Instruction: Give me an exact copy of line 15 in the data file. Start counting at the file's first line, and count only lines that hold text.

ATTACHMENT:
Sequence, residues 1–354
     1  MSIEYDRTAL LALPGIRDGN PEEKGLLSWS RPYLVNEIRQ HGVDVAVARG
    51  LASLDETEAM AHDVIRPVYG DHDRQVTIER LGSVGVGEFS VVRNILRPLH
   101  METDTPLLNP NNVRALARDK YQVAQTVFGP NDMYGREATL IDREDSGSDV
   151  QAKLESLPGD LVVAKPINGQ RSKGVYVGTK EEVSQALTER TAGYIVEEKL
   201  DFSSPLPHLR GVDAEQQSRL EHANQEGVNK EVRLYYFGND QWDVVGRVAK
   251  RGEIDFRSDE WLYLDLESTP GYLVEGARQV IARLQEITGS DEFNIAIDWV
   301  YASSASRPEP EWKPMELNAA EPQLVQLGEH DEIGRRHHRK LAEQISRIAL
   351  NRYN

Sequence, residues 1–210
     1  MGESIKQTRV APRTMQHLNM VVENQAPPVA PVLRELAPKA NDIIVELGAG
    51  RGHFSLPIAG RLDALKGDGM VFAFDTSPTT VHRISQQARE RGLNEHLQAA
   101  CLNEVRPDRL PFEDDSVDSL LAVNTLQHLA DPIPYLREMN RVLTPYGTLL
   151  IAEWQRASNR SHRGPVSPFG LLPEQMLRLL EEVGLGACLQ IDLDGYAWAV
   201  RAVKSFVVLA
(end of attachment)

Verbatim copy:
   201  RAVKSFVVLA